Students in our classes continue to work with a number of outside pressures, including both work and caring responsibilities, which mean that often their studies are not their biggest priority. This is both a challenge for the tutor, and an enormous advantage, as all students come into contact with perspectives and experiences, and with learning styles, which are different from their own. As teachers, we need to need to think about the ways the knowledge of students assumed to be ‘outsiders’ (mature, working-class and ethnic minority or disabled students) is side-lined in favour of forms of knowledge based on more dominant white, middle-class and male ways of understanding the world? Most tutors are aware of this in the course material, but is this really reflected in our teaching style/pedagogy, in the examples we use, our terminology, our assumptions about the pedagogical use of both lecturing and tutorials?
Knowing that equality is important is not enough, it must inform our everyday practice. Our role as tutors is to provide a supportive learning environment for all students. My suggestion is that mainstreaming most suggested learning adjustments will enhance the learning experience of all students in the classroom. If we can encourage a safe space to participate in discussion where every contribution is valued, this not only benefits students with anxiety issues, but facilitates contributions from those who feel themselves excluded on the basis of gender, sexuality, educational background and social class. Asking quiet students to participate near the beginning of the tutorial as valued members of the class (and before everything has been said) or encouraging small group work can contribute to everyone’s learning. Sitting in a horseshoe may be the best practice to assist students with a hearing impairments, but also it facilitates the conversation for everyone, emphasising equality in the classroom.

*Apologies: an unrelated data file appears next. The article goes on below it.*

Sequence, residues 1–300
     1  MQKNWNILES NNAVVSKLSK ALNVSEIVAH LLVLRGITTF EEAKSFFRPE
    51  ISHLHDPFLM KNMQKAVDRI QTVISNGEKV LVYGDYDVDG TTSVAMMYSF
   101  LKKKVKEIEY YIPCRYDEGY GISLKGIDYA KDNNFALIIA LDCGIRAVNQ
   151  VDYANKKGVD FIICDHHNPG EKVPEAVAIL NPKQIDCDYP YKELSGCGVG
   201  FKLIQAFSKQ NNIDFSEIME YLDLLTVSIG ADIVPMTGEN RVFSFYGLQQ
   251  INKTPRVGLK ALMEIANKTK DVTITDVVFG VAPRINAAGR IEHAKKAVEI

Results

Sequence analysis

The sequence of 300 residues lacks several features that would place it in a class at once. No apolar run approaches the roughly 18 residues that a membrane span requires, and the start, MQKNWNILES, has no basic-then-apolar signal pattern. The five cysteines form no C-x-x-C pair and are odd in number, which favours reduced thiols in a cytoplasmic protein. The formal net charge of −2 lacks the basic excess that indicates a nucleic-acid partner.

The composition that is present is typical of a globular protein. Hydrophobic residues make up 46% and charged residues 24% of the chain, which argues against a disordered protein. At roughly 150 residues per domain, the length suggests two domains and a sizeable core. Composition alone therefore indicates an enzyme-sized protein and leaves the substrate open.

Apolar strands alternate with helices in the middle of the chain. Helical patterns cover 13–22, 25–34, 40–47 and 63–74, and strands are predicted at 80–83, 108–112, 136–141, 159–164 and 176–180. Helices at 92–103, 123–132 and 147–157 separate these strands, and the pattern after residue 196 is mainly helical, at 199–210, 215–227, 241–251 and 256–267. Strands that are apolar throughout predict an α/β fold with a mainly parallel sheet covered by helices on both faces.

However, many exclusions are caused by unthinking norms and assumptions about good tutoring which we fail to interrogate. Take the issue of food (biscuits, cake) in class, this is often used (and I’ve used it before) as a ‘treat’ after presentations, to stimulate discussion and lighten the atmosphere or to celebrate the end of term. However, this only works for the majority, causing (I would argue needless, albeit unintended) distress to students with eating disorders, those fasting for religious reasons or with particular health or religious dietary constraints, often making participation harder because of the increased social anxieties surrounding food. In 2016 it’s not good enough that we are politically committed to equality, it matters that our everyday practice matches up too, and as tutors we need to constantly re-evaluate our own assumptions and practices.